Struggling with stress and tools for managing it

Dear Alice,

I have this problem with my studies. I feel that I need to work 24 hours a day in order just to keep up. I have been getting panic attacks and outbreaks of eczema because I am so stressed out. Can you advise me of any relaxation techniques that will allow me to unwind after a hard day?

A tightly wound spring

Dear A tightly wound spring,                          

All work (or studying) and no play can certainly take a toll on you, both emotionally and physically. It's common for students to feel stressed out by their academic demands, so know that you're not the only one who gets wound up. Relaxation practices may release some of your tension, but it might also be worthwhile to check in with an expert about how to address the root cause of your stress and panic attacks.

There are a variety of techniques that can help to relax your mind and body after a long day of hitting the books. You could try some of these stress-relievers in the morning to help you start the day smoothly or between study sessions to renew your energy throughout the day. Here are few ways to relax your mind and body:

  • Turn up the volume. Music has a powerful effect on mood. You might experiment with nature sounds, soft jazz, or more energizing tunes with a hot beat to combat your stress.
  • Get moving. Physical activity boosts feel-good chemicals in your brain called endorphins and provides a physical outlet for pent-up worries. Other schools of movement such as yoga and tai chi can also help to relax the body and clear the mind.
  • Take a breath. There are many approaches to meditation, but some common elements include rhythmic breathing, visualizing a peaceful place, and repeating a mantra.   
  • Rub it in. To address some tension in the muscles, you could suggest taking a study break with a friend and take turns giving each other a quick shoulder rub.

In addition to relaxation techniques, it may be useful to pinpoint what specifically is causing you to feel so stressed out. As you gain clarity around the sources of your stress, it may be helpful to consider some tips for processing and managing it:

  1. Acceptance: You can ask yourself if the current stress you feel is acceptable to you. If it is, then you can go with it. Stress in itself isn’t bad. In fact, it often reflects that you care and that what you’re doing is meaningful to you. Sometimes, though, stress is more than that, and it can benefit from some intentional management and help.
  2. Problem-solving: If the stress level isn’t acceptable, you can ask yourself if there is anything you can do to fix or influence the situation. Trying to fix or problem-solve your stress can help, and it’s especially beneficial to focus on the process, rather than the outcome of problem-solving. For example, if you get in a fight with a friend and your solution is to talk it out with them, putting the focus on the act of talking it out, rather than whether or not you successfully repaired your relationship can be beneficial. If your stress management is dependent on outcomes that you can't control, you could be setting yourself up for more stress if you don't get the outcomes for which you were hoping.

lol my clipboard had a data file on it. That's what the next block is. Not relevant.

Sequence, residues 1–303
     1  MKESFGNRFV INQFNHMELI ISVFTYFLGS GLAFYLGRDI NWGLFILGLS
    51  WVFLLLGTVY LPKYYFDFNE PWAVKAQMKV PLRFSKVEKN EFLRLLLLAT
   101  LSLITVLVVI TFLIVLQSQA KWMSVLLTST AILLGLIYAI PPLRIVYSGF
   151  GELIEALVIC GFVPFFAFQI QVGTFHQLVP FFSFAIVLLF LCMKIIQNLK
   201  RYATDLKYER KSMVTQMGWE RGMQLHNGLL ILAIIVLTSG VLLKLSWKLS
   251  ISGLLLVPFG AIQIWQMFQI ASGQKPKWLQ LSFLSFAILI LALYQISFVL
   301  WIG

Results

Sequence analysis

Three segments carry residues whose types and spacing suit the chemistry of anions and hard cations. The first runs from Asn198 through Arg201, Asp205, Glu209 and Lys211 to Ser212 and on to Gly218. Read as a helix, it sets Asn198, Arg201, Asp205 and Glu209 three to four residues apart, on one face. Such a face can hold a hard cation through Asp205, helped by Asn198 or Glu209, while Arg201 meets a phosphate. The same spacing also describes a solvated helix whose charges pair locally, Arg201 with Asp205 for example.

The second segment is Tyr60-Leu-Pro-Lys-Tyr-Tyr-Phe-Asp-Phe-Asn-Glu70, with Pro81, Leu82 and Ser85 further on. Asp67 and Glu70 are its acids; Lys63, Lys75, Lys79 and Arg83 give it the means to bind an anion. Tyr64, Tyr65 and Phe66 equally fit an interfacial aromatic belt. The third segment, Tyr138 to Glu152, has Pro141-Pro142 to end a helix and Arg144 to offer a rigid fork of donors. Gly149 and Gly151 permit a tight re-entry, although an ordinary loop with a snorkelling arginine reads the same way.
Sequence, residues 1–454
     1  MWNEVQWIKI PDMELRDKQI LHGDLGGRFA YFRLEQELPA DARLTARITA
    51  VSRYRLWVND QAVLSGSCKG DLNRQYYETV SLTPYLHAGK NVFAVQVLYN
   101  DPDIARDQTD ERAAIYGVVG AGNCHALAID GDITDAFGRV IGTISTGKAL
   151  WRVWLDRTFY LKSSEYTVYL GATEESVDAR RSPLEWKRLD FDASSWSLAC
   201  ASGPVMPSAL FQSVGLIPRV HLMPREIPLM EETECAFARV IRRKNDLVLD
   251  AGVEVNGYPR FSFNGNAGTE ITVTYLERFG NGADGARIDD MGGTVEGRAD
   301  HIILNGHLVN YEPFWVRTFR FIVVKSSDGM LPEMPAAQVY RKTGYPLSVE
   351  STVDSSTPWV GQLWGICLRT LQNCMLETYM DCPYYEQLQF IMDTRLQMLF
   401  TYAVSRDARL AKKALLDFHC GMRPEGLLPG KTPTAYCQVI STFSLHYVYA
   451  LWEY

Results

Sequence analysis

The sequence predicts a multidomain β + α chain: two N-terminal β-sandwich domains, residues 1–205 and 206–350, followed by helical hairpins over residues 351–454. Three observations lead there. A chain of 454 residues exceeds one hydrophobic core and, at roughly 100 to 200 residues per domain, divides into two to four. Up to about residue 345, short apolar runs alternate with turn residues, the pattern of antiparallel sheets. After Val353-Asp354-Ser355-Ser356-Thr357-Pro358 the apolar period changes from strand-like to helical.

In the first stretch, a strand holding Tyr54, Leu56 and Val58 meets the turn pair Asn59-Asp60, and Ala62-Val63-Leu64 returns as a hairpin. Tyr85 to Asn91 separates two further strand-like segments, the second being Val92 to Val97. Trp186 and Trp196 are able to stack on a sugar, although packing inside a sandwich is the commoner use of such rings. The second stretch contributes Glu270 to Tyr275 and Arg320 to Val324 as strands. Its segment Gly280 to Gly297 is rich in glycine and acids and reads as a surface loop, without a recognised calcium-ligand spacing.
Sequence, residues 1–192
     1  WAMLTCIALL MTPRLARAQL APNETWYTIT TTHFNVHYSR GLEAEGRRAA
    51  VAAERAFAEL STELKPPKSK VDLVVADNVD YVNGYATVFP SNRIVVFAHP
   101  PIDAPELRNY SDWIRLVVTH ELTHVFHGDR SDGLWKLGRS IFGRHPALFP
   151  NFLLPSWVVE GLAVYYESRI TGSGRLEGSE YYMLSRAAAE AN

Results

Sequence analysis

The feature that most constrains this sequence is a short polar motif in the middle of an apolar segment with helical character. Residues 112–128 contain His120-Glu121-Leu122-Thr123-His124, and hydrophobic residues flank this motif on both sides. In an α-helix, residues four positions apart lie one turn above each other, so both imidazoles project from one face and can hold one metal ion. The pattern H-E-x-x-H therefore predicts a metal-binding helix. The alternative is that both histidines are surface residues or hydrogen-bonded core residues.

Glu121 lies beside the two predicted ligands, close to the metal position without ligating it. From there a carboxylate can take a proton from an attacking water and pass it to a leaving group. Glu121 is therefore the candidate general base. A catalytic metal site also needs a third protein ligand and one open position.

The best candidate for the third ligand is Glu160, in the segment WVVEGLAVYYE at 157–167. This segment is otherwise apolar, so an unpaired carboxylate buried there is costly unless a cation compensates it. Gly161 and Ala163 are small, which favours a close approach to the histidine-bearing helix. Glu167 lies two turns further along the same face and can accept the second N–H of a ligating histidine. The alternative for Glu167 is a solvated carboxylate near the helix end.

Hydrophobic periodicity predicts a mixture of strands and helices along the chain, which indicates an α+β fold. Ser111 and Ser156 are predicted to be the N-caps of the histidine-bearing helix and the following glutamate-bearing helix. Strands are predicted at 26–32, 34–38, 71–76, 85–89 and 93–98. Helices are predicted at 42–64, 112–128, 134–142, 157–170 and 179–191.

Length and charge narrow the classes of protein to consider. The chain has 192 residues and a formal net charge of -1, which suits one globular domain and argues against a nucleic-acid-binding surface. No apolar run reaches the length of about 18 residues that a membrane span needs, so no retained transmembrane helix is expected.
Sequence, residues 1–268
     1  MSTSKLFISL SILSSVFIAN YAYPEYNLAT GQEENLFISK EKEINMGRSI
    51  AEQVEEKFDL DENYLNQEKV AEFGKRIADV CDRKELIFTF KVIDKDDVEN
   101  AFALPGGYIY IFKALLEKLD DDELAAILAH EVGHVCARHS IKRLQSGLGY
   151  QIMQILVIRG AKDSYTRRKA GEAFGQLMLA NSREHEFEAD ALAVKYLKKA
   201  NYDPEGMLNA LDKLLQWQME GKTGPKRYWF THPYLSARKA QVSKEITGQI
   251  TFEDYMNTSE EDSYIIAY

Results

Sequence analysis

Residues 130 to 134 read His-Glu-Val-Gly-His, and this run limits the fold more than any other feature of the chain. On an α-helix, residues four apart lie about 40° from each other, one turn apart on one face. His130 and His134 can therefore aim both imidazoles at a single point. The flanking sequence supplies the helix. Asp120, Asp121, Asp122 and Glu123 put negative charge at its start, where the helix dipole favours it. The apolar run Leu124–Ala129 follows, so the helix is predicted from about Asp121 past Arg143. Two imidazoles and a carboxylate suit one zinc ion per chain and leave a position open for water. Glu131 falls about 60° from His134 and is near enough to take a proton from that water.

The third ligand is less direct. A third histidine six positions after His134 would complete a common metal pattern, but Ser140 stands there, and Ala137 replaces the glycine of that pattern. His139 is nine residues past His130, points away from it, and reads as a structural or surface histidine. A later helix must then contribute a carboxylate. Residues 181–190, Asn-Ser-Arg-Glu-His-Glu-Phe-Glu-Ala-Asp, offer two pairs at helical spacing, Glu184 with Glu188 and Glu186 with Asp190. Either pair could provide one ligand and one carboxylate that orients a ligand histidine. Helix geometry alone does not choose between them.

3. Self-imposed pressure: If you still feel stressed beyond an acceptable level and have done problem-solving steps that are within your control, you can ask yourself, "Are there any self-imposed pressures or perceptions I am adding to this stress?" Becoming more aware of the parts of the stress stemming from your own self-imposed pressure can help you to catch those thoughts and interrupt them when they happen. Instead of adding to the thoughts, you might consider pivoting from those thoughts and switching your focus to what you think would be healthy for you.
  4. Effective coping: If you still feel stressed beyond an acceptable level, if you've attempted problem-solving steps that are within your control, and you're managing your own self-imposed pressures, then you’ll likely want to learn to cope with the stress. Starting by honoring your reaction and challenging any conclusions can help. Your reaction is valid, and it doesn’t need to have implications for who you are, your future, or the world around you. It’s okay to feel what you feel and have it just stay at that. Also, as a part of coping, practicing self-care can be helpful in managing your stress and difficult emotions. Converting emotional energy into any form of verbal, social, physical, creative, or meditative expressions can be great ways of practicing self-care. And last, doing something that matters to you or that expresses one of your personal values can also be a great way of coping. It can help keep you defined by your authenticity rather than your hurt.

For some experiences of stress, relaxation and coping on your own may not be enough. Stress has a pesky way of blurring the big picture and magnifying troublesome details. To help you put your concerns into perspective, you may want to talk with a health promotion specialist or mental health professional about your recent stress and panic attacks. If you're on a college campus, you could check to see if there is a counseling center to make an appointment. They may also offer a variety of support groups and workshops, including some related to stress and time management. While you're booking appointments, if you haven't already, you might also consider visiting a health care provider to treat your eczema as well.

Setting high academic standards is something to be proud of, but all studying and no personal time may quickly leave you feeling burnt out. By taking time out to relax, practice self-care, and cope, you'll likely "wind up" happier and more productive in the long run!

Last updated Jul 10, 2020
Originally published Jan 01, 1994

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